Remembering Alexander Best, Alexander Neave and Frank Johnson

Posted on: 14, February, 2019

Every day on the British Army Ancestors Facebook page I take time to commemorate a British soldier. This post will look at three of the men I have remembered recently; from left to right: Alexander Best, Alexander Neave, and Frank Johnson.

Lieutenant Alexander Archie Dunlop Best

Alexander Best of the Gordon Highlanders was killed in an attack on a train, near Namboomspruit in South Africa on the 14th July 1901. He was just 22 years old. This portrait of him was published in the Black & White Budget.

Captain Alexander Lionel William Neave

Alexander Neave played for Richmond Rugby Football Club and is wearing the club’s colours in this undated photo. He lost his life on the 19th September 1918 whilst serving with the 110th Maratha Light Infantry and is buried in Ramleh War Cemetery in Israel. This photo of him appeared in the Illustrated Sporting and Dramatic News on the 12th October 1918.

1041 L-Cpl Frank Cecil Johnson

There are a lot of young faces in this study of the drummers of the 15th (Service) Battalion (2nd Birmingham Pals), Royal Warwickshire Regiment. The photo appears in the Birmingham City Battalions Book of Honour, published in 1919, and is a recent acquisition for me.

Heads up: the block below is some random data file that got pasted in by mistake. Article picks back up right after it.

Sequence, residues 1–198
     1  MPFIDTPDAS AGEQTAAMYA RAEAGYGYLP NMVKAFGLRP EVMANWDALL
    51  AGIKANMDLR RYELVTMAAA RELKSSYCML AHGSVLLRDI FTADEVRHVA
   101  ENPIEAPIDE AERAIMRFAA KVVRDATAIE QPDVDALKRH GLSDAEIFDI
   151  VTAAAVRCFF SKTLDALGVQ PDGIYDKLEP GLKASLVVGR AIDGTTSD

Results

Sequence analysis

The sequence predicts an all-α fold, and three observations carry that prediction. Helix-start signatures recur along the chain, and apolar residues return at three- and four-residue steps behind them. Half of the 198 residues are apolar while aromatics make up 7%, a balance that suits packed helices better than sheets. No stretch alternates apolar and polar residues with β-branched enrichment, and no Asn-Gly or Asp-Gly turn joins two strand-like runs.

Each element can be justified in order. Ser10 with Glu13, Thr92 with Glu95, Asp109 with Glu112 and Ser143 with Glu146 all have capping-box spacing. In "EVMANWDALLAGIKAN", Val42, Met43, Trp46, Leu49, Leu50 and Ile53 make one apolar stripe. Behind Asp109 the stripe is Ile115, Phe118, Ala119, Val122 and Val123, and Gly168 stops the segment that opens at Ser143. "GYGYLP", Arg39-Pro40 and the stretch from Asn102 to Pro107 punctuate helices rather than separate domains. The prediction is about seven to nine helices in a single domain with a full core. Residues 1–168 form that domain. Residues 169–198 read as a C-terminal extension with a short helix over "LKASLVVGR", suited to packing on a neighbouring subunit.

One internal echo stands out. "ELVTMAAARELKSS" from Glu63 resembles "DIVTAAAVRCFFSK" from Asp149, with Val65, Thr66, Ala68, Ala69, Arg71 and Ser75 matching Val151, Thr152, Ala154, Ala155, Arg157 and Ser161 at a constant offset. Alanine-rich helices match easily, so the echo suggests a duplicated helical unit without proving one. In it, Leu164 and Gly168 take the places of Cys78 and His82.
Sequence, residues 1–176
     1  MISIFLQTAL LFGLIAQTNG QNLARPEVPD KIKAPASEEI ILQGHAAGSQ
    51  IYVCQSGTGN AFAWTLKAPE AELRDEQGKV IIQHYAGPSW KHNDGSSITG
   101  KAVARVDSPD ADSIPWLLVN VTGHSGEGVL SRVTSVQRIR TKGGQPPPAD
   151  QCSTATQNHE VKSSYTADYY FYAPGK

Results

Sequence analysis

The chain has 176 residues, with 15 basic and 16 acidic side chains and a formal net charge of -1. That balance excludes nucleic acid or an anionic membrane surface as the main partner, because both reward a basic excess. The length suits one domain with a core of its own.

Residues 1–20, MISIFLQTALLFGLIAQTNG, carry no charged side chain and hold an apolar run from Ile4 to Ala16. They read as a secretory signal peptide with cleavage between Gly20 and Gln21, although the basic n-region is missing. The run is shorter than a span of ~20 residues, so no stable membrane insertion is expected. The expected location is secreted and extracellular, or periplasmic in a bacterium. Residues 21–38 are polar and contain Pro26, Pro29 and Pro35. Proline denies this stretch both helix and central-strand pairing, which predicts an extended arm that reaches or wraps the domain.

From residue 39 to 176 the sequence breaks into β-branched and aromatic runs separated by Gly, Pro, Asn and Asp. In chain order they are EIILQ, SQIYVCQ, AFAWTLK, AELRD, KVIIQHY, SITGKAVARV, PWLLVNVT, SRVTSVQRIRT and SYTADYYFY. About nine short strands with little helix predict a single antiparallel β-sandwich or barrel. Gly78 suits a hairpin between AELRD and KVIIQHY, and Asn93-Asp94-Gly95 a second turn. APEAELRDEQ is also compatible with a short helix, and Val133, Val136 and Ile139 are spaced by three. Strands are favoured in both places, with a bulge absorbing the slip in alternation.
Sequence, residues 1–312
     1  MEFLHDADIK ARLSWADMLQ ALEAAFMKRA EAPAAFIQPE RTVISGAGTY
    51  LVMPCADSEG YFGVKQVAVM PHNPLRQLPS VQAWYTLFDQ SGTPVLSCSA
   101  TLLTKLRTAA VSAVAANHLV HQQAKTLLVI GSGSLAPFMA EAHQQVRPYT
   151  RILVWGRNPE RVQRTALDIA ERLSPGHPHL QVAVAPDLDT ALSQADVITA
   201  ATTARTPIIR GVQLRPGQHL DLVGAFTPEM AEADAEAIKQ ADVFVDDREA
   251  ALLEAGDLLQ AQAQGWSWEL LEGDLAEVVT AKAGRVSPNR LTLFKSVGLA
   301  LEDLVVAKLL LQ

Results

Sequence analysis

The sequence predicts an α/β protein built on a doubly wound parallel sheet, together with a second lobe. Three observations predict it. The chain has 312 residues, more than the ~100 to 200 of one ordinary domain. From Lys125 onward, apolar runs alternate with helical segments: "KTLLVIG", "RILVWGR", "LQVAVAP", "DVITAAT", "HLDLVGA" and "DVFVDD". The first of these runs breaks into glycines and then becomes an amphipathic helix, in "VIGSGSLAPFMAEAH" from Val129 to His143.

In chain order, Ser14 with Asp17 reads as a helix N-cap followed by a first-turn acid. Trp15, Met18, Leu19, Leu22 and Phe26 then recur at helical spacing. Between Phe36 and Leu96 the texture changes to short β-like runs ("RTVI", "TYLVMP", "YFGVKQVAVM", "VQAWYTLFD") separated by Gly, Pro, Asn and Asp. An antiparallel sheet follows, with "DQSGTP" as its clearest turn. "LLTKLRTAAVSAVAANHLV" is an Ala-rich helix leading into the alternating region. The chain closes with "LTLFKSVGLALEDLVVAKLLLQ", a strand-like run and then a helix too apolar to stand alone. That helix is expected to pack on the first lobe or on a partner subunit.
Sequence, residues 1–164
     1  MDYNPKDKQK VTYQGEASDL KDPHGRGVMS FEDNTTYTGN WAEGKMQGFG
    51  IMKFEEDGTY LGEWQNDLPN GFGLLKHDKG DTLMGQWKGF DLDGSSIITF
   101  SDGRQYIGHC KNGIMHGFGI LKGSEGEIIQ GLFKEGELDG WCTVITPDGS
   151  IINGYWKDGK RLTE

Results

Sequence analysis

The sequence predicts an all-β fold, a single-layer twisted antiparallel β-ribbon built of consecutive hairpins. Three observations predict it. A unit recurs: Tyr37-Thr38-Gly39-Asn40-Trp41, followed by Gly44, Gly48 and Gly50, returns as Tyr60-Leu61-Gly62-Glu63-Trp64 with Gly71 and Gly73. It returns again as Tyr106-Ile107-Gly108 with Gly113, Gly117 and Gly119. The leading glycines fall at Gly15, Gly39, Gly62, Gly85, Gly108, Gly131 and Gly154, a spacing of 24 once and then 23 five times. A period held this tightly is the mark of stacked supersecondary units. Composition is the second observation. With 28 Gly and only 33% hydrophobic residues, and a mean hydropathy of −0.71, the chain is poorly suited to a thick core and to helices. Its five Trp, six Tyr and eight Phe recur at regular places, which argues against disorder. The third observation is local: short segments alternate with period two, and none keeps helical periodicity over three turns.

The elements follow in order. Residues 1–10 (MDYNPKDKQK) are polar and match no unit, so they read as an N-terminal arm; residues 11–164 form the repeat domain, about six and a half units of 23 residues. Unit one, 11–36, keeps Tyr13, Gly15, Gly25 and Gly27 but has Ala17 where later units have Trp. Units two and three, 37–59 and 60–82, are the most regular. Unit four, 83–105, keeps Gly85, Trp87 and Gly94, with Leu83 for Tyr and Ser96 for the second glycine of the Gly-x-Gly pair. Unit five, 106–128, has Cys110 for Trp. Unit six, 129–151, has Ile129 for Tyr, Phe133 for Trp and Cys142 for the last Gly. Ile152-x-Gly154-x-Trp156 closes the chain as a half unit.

Although this book has appeared in digital format for a while, the quality of the digital photos leaves something to be desired and I acquired my copy of this book with the intention of generating better versions of these images.

There are 20 men in this photo, all named on the facing page, and yet the only man I can identify here is the single lance-corporal, listed as 1041 L-Corpl F C Johnson. He is the man in the middle row, third from left.

Frank Cecil Johnson would arrive in France as a corporal and would later be promoted to sergeant. Probably aged about 22 when this photo was taken, he was killed in action on the 1st July 1917 and is buried at Roclincourt military cemetery in France. He was 24 years old at the time of his death, unmarried, the son of Richard and Fanny Johnson of Moseley, Birmingham. His parents chose to have the words AT REST inscribed on his Commonwealth War Graves Commission headstone.